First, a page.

This third addition to the lineage of Honda Civic Type R models comes with a little more complication than the first two models, as the European and Japanese markets did not carry a single platform for the vehicle. The European model, the FN2, carried slightly less performance potential than the Japanese model. Equipped with a 2.0L engine with 197 hp available, the three-door hatchback FN2 was still fairly impressive. The Japanese model changed things up and introduced the Honda Civic Type R as a four-door sedan that still managed to give a bit more power behind the pedal with 222 hp. Though they do have their differences, one thing both models kept was the 6-speed manual front-wheel drive system with helical limited-slip differential to keep the driving experience fairly similar to previous models.
The introduction of the fourth edition of the Honda Civic Type R took a huge leap in performance from previous models and set up the framework for the more modern models of the Civic Type R. To make things easier and less confusing, the Civic Type R dropped the three-door hatchback and four-door sedan models and began solely offering a five-door hatchback that offered a sporty style without compromising performance. While the 6-speed manual front-wheel drive transmission with added helical limited-slip differential continued to appear on this model, the engine availability had changed. The model dropped the naturally aspirated engine seen on previous models and opted for a more powerful, turbocharged engine that produces up to 306 hp—a huge difference from the highest horsepower of 222 from former models.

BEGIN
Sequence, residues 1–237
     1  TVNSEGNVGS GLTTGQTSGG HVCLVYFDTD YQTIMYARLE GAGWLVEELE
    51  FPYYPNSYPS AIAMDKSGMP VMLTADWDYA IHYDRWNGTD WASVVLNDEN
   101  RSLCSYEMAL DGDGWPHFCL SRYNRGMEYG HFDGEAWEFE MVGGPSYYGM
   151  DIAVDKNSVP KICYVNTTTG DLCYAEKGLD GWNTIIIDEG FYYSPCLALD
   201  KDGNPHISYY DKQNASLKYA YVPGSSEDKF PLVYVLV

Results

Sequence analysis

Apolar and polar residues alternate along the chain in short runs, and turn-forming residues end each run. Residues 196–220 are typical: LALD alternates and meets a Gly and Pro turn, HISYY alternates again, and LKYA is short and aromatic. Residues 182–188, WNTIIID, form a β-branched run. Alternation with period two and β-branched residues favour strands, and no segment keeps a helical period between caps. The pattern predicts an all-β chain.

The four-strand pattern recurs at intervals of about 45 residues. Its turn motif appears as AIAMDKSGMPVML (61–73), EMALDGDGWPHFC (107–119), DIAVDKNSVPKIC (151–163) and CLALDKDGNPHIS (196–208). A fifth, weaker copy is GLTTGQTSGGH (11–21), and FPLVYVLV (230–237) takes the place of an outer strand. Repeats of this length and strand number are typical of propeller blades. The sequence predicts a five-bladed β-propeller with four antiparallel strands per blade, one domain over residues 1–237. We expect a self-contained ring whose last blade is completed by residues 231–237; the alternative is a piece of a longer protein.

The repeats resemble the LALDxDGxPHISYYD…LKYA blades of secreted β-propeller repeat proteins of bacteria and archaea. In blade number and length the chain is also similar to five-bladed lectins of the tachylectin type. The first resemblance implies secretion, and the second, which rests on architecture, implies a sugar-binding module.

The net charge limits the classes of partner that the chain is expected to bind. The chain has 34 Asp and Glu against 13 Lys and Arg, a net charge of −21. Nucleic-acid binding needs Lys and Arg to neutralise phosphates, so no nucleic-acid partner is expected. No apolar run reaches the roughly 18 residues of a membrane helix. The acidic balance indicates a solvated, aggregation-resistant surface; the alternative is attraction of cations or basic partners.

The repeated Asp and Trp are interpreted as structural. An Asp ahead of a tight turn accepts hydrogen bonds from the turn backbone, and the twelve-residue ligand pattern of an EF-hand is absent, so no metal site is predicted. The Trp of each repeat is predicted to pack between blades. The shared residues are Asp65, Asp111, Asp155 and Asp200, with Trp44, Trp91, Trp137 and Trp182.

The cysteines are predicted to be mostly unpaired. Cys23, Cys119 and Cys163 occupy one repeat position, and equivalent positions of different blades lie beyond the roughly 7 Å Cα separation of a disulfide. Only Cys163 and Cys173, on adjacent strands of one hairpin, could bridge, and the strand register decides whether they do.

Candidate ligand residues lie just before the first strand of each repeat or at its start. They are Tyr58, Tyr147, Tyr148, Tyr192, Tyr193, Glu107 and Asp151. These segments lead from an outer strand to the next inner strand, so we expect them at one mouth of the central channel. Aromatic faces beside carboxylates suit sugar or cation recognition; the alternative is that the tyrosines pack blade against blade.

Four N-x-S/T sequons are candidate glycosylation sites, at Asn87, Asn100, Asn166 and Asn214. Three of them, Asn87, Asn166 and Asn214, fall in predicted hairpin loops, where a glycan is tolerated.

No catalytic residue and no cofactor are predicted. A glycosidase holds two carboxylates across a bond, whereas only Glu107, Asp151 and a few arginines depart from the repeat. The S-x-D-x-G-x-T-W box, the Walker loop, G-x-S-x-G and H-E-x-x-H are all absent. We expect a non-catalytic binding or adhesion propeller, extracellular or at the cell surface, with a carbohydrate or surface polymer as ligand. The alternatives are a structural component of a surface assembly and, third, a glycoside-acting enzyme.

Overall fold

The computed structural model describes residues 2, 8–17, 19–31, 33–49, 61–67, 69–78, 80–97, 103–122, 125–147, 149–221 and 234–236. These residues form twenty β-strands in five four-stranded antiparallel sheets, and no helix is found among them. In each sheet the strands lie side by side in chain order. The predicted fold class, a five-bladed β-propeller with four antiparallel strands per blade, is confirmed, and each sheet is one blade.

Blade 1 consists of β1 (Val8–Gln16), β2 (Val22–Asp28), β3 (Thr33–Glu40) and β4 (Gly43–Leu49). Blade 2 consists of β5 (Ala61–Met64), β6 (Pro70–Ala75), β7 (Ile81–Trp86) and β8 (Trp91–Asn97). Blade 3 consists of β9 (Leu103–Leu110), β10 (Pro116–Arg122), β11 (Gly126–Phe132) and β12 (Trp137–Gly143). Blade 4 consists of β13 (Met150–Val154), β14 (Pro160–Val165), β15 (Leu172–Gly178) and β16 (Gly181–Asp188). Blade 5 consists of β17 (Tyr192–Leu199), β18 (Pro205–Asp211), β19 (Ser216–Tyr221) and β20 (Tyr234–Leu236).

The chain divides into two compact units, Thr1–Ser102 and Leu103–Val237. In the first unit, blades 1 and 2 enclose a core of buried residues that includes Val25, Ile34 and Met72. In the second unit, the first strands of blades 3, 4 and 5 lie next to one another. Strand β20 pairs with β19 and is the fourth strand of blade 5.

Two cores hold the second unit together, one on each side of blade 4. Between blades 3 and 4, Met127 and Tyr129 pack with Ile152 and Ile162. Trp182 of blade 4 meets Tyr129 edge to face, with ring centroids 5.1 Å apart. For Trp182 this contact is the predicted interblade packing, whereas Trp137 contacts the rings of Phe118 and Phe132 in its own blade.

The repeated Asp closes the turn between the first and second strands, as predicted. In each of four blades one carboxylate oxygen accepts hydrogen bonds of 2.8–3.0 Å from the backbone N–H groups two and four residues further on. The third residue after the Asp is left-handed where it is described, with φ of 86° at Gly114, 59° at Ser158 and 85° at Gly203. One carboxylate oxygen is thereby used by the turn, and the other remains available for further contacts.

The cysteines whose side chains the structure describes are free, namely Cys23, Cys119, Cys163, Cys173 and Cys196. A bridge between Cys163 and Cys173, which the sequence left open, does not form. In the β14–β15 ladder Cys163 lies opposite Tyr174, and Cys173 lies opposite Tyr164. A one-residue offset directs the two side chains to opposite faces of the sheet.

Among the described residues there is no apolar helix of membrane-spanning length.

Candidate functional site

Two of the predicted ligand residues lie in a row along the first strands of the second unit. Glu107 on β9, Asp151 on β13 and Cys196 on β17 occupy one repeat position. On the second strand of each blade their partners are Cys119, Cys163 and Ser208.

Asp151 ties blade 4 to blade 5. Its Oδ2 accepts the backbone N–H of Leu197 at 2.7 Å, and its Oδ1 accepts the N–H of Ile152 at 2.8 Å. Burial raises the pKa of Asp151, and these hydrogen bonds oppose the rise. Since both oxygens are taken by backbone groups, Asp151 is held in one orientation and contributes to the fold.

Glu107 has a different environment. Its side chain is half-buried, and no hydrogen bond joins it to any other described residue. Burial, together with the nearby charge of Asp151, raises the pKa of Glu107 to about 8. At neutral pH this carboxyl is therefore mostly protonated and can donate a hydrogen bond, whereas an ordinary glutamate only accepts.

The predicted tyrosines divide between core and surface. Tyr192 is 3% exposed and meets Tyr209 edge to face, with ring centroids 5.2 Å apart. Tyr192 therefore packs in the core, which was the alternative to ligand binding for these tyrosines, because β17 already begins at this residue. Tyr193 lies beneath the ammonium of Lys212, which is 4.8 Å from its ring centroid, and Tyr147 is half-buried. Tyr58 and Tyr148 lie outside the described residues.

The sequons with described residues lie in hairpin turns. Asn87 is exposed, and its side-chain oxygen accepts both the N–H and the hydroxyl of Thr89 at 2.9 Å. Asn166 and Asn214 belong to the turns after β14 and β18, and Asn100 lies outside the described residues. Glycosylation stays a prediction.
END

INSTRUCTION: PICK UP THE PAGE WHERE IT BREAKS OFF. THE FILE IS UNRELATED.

Finally, we arrive at the current Honda Civic Type R model on the market. This model is the first to ever be readily available in U.S. markets. Sports vehicle enthusiasts from across the country can finally get a taste of the raw power that comes with the Honda Civic Type R with this powerful model. Though this model keeps the same engine framework as the FK2, there have been plenty of other changes taking place that have allowed the vehicle to start making a name for itself with record track times and racing wins. Some of the new, high-tech additions that come with this newest model include aluminum suspension components, three driving modes, an all-new, more responsive steering system and an adaptive damper system. The combination of all these new features in conjunction with the performance-tested powertrain configuration creates the Honda Civic Type R model we’ve all been waiting for.
Now that you’re well versed in Honda Civic Type R history, there should be nothing keeping you from getting behind the wheel of the 2017 Honda Civic Type R while you can. You can find out more information about this track-ready vehicle at your local New England Honda Dealer or by contacting us online where we can also give you more information regarding current offers and financing options available.